# Shuffling my music

This is my mp3 player:

``````\$ cd Music
\$ mpg123 "\$(ls |random |tail -1)"/*
``````

It plays an album from my local music collection at random.

The random script is the most important part:

``````#!/usr/bin/perl

my @input = <STDIN>;

for (my \$i = 0; \$i < @input; \$i++)
{
my \$t = \$input[\$i];
my \$s = rand()*@input;
\$input[\$i] = \$input[\$s];
\$input[\$s] = \$t;
}

foreach my \$a (@input)
{
chomp \$a;
print \$a, "\n";
}
``````

This implements a random shuffle of the input lines in O(n) time and O(n) memory.

I used to use this one-liner to un-sort text:

``````\$ perl -e 'print sort { 0.5 <=> rand() } <STDIN>'
``````

This is cute - but it is actually broken code.

So how many bugs did I manage to fit in one line of Perl?

1. It is unpredictably slower (it could even potentially run forever).
2. The output is bad if the final input line doesn't end in a newline.
3. The output distribution is not really random.

Points 1 and 3 are the most fun - they both have to do with how sorting algorithms work, and will depend on the algorithm used. In my opinion, the biggest problem is that sorting algorithms generally have as an underlying assumption the idea that the value of each element stays the same. The dynamic comparison function above violates this premise, meaning that without deeper knowledge, one is no longer guaranteed that every element will be examined or (conversely) that the algorithm will ever finish running. As such I would intuitively expect algorithms which are guaranteed to make progress to be subtly biased towards leaving elements in their original positions, while algorithms without such guarantees might run for a very, very long time and still produce an uneven distribution reflecting the structure of the sorting algorithm itself.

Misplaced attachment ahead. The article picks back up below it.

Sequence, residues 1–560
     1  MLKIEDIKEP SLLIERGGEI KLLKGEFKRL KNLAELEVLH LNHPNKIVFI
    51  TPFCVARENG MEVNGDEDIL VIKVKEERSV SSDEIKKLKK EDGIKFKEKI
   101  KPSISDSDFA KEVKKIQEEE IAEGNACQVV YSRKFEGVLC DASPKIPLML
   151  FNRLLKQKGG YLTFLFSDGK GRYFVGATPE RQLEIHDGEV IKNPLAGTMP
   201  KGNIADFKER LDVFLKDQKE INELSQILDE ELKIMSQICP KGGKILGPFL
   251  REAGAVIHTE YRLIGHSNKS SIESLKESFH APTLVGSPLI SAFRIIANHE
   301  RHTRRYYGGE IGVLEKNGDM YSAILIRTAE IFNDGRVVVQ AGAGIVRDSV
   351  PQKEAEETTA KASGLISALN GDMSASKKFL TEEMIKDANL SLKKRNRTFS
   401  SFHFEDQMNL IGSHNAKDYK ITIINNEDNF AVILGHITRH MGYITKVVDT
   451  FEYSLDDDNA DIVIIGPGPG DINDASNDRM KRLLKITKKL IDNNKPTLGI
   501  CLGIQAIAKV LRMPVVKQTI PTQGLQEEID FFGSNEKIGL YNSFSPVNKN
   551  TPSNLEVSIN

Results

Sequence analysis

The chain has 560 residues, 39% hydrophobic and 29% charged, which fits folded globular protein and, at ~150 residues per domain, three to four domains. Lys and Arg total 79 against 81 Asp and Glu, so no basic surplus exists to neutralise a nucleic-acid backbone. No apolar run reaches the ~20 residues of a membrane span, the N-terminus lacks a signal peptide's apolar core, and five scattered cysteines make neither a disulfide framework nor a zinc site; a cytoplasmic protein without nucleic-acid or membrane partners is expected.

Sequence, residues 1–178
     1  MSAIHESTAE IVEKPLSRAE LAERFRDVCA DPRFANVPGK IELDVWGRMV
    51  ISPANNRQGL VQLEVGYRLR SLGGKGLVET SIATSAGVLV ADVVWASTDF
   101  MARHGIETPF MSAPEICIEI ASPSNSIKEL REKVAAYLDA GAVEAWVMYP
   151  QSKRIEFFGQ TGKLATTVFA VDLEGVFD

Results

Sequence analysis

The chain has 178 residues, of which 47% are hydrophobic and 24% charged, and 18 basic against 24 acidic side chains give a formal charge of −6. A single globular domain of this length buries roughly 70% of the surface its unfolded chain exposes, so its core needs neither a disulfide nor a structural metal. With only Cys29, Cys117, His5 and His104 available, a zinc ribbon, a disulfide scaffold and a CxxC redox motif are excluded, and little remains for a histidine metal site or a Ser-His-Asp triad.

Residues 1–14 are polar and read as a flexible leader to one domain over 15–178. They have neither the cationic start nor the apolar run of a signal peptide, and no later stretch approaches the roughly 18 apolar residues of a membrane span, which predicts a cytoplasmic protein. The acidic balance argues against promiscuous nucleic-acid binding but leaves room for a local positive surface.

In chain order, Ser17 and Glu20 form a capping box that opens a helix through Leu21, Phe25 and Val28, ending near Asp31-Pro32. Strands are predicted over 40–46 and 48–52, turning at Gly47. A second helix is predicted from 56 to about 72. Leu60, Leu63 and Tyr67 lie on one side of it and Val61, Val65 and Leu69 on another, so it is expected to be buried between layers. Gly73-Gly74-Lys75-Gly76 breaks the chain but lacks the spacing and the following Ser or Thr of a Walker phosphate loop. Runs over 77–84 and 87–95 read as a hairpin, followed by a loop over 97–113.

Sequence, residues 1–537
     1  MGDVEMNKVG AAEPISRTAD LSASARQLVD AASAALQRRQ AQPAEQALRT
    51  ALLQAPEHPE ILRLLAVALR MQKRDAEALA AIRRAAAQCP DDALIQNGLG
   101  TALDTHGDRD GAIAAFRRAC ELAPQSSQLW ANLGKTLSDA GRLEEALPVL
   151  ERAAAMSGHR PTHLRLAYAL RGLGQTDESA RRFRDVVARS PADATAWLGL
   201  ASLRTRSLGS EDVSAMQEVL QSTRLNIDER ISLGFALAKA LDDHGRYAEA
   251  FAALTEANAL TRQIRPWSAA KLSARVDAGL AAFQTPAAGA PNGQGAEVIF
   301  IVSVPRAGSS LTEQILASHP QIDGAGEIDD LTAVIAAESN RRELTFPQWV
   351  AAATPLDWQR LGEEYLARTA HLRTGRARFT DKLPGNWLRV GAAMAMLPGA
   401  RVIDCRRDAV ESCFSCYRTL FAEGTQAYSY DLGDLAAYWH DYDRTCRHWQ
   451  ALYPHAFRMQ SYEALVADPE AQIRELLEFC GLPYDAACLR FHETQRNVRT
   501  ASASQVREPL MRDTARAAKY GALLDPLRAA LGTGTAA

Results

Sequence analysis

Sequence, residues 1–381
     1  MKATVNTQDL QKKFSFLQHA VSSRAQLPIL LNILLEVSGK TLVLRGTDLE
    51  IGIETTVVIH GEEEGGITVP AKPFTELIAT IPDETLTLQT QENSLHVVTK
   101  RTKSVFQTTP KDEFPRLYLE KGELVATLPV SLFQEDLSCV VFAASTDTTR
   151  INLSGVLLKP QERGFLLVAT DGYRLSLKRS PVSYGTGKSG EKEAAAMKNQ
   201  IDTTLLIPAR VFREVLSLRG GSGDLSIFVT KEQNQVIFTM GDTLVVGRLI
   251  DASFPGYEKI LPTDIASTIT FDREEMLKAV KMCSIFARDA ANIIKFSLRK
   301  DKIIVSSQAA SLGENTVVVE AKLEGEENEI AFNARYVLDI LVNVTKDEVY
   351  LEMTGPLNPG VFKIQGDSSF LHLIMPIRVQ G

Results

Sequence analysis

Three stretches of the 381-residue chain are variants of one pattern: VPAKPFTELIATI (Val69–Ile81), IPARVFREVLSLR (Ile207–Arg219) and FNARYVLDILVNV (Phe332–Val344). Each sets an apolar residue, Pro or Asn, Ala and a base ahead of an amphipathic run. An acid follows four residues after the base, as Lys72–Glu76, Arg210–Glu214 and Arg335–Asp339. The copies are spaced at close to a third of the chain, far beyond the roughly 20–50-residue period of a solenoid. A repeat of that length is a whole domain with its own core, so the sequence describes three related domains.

Amusingly, when I googled for shuffling algorithms I came across this Coding Horror blog post where Jeff talks about more or less the exact same two algorithms, but prefers the one I've discarded. :-) He was set right in the comments.

But even simple problems like this can be really hard to get right - my improved algorithm above is flawed as well!

If want to know why, check out this Wikipedia article.

Of course, either of the above are more than good enough for my music player... but now that I've done my homework, I am going to have to go and fix my code.

Update: Tómas Árni points out I could use `sort -R` instead of my `random` script. That's much better!

Tags: tech